there have been a few inquiries about my ghee making procedure, so here goes…
but first i have to say that even i cannot believe the color of this ghee (made from this butter). it positively glows in real life! grass people, cows need to eat grass! down with dull butter! if you can’t find yourself a cow, then find yourself a farmer with a cow who lets her munch on grass all day long. put the sunshine back in your butter. it’s good for you, good for the cows, and good for the earth!
ok, now the ghee.
people, i’ve seen a lotta ghee recipes zipping around here in the blogosphere (will merriam-webster please just accept that word already so we can all know how to spell it!) and i have no intentions of being the ghee police, but,
i learned from a ghee making master. i learned with my own two eyes and paws how to make ghee from the author of classic indian cooking and classic indian vegetarian and grain cooking. the two most seminal books on indian cooking in the west, around since the 80′s and reprinted a kazillian times.
start with really soft best quality non-salted butter. place it in a saucepan and put the heat on medium low. keep cooking for about 20-30 minutes. watch the bubbles on the top – they always go through the following steps: first all of the butter melts completely and it’s foamy on top. then large bubbles start from the side and bubble across the top, they bubble for a while and get even larger. after a bit, very tiny small bubbles take over and cover the top. start checking the bottom around this time. it’s crucial not to burn it, the bottom will be just a bit browned but not burnt. this is what gives ghee that wonderful, slightly nutty flavor that is different from western clarified butter.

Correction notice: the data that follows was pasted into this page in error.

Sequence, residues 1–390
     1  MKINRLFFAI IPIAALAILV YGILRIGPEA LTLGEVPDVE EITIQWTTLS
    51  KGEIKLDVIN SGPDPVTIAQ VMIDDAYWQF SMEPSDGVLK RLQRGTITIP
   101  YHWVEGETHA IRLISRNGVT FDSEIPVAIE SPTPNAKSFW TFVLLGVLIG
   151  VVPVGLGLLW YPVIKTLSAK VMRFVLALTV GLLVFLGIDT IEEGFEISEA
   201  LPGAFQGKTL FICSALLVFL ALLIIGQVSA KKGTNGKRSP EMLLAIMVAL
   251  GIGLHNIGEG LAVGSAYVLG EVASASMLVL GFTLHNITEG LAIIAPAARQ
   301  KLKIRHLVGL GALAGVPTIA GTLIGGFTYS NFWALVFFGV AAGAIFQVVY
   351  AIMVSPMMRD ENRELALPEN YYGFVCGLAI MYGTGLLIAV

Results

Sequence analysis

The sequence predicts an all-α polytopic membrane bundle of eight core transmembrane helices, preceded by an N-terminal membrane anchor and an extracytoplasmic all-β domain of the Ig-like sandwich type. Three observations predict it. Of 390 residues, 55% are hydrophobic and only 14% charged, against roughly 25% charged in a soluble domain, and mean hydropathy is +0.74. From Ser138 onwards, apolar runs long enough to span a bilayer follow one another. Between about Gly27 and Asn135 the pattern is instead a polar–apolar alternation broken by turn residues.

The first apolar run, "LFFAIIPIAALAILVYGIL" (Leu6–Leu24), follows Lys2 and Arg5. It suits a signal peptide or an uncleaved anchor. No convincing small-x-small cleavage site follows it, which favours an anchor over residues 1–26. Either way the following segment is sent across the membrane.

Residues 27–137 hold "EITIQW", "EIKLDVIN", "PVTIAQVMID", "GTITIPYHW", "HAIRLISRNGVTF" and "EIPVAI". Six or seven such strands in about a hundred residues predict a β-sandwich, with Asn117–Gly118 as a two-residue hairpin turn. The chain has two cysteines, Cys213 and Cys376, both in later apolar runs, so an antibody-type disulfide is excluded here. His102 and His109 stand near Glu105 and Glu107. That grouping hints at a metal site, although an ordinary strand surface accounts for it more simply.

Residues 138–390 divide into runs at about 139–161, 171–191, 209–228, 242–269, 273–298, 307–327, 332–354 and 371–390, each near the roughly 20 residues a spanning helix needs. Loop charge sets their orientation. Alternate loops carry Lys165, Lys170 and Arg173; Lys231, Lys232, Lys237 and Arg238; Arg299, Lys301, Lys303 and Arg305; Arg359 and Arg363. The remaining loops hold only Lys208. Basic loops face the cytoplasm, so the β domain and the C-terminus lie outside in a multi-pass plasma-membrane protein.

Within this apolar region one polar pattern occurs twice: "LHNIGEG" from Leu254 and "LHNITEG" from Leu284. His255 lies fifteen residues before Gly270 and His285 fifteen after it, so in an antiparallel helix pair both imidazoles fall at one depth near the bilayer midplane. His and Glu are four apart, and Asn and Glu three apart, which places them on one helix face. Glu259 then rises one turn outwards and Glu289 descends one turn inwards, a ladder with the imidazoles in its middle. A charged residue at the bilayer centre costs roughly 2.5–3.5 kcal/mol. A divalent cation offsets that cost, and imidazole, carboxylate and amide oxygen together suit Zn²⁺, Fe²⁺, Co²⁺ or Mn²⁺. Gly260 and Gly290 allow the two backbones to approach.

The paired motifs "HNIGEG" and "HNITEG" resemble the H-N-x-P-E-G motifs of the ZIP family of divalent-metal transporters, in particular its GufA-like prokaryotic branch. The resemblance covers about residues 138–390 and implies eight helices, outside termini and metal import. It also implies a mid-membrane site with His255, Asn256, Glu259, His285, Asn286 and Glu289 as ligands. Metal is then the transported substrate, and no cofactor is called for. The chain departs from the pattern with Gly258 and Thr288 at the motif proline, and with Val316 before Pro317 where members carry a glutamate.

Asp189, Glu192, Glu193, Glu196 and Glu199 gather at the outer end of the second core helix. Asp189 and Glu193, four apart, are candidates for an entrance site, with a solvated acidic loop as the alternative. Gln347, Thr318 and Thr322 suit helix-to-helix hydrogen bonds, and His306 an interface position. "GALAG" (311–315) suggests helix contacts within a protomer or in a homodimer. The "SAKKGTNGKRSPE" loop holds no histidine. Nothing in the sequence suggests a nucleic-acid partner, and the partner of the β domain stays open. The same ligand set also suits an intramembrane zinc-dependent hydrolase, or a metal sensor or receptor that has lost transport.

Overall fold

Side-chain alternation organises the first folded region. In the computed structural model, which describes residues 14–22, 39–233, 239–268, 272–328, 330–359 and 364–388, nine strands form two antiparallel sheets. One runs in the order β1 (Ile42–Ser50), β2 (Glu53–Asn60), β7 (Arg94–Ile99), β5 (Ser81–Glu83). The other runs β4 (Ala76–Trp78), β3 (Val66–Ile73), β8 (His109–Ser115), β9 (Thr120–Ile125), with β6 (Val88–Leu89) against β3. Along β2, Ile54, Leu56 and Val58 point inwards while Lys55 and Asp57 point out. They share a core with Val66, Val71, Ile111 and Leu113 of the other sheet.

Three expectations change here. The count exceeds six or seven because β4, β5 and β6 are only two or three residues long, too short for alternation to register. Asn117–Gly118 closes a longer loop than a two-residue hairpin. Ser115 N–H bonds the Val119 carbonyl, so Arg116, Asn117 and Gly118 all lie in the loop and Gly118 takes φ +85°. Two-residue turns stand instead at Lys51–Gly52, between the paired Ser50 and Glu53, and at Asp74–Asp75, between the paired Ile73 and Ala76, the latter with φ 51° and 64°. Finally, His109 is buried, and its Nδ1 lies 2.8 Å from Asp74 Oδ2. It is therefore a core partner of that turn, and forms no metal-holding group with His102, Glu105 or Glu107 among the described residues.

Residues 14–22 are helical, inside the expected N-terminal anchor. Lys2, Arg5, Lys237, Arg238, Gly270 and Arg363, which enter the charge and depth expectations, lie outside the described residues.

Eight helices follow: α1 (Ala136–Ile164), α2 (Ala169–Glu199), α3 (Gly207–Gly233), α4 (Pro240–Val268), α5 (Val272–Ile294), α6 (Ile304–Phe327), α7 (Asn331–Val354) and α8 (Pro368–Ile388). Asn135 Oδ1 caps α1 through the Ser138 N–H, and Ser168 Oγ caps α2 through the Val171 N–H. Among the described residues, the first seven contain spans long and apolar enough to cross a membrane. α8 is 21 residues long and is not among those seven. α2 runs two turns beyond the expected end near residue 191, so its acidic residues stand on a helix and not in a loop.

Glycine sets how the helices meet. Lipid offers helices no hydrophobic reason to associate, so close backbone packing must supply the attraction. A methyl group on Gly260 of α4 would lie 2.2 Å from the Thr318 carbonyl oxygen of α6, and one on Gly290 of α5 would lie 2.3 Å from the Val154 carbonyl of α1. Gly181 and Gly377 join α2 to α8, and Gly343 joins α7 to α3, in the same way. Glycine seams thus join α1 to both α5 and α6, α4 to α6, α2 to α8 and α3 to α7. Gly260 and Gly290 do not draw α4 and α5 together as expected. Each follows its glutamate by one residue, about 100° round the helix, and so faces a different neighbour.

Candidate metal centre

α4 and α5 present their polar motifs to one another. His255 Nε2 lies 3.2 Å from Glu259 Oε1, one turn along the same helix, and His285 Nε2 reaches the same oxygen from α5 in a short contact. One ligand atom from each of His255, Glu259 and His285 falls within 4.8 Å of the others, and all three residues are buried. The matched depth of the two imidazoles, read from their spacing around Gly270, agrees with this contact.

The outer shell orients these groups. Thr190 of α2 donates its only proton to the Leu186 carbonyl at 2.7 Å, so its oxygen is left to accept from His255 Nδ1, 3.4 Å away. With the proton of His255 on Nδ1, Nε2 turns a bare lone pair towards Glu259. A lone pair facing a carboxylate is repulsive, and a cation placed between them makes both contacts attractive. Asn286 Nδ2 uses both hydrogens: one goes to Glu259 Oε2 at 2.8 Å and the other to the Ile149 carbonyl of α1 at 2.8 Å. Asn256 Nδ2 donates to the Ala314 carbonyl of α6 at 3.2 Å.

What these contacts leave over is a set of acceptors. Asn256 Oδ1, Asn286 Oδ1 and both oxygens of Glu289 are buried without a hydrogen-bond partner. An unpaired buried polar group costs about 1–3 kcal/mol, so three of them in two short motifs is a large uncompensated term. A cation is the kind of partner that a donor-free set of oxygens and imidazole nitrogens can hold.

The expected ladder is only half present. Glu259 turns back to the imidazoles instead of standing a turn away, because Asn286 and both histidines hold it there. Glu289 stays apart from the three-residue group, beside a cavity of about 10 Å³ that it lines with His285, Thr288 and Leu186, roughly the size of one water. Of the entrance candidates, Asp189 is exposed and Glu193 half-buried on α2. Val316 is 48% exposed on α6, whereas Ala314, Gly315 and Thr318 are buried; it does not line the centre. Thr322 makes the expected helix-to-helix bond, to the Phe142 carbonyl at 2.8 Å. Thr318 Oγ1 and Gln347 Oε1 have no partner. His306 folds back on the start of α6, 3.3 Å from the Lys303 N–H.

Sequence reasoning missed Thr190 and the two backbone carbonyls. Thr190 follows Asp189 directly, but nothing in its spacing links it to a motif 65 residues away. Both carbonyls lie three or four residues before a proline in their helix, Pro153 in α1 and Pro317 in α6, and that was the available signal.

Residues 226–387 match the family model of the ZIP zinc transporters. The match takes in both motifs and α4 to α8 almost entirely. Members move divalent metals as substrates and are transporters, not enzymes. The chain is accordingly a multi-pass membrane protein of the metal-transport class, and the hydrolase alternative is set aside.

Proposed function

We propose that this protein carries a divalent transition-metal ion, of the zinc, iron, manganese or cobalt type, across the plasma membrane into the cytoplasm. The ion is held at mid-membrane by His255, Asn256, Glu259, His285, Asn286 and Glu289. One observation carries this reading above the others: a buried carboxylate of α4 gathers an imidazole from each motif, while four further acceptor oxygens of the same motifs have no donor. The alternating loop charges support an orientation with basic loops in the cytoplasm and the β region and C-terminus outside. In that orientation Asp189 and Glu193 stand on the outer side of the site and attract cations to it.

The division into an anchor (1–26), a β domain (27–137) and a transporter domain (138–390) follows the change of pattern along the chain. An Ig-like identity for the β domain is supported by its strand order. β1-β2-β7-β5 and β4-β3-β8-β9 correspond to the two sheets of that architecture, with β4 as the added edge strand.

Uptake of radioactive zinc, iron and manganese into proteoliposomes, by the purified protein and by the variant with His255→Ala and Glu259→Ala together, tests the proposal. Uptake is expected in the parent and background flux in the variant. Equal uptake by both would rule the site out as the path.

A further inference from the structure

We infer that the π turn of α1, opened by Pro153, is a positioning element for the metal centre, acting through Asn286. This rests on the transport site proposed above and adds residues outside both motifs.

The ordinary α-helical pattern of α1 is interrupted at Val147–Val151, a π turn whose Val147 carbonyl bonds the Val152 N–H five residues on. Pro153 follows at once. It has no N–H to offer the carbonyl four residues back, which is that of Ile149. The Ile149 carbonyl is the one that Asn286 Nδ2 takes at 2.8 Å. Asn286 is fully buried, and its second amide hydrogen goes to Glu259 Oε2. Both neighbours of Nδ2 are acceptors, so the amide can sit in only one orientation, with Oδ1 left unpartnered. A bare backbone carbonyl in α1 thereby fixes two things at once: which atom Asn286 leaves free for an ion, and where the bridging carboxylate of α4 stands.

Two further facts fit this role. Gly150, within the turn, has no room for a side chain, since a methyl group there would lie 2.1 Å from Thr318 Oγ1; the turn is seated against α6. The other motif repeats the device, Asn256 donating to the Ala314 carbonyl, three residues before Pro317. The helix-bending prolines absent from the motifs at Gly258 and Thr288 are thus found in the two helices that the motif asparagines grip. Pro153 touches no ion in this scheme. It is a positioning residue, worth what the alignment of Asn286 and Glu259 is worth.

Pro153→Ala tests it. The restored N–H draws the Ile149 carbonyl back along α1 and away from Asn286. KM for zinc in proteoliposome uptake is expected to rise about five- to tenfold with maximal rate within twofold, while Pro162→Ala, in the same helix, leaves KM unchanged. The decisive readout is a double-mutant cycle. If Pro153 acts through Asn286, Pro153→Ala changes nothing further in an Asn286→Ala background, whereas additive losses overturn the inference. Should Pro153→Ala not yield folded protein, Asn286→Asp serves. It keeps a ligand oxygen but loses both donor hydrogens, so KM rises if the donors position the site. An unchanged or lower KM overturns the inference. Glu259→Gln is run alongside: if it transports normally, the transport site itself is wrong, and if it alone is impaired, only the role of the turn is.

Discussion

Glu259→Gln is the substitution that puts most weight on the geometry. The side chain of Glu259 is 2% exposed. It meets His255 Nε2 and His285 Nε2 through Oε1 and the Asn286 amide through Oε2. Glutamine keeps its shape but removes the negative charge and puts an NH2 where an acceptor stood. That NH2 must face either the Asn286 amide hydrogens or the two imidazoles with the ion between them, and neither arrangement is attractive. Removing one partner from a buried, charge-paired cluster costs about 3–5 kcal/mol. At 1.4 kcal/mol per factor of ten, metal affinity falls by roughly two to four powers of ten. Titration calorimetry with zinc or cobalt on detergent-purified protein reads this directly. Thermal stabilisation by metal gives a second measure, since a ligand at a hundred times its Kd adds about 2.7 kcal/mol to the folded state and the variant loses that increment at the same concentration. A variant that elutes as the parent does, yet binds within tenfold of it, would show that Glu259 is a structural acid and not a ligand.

pour through a strainer with a layer of butter muslin or double layer of cheese cloth directly into a mason jar.
ghee will last at room temperature for months. room temperature should not be overly hot and do not let sun shine directly on it.
ghee has a very high smoke point and is what i use most often in cooking. the subject of cooking fat is a wide and difficult one to navigate. i’ve always done best by following traditional food ways, and ghee has been used for cooking it seems since the beginning of time. it not only taste divine, but it’s considered by many to be the healing nectar of the gods.
who i ask you, can argue with that?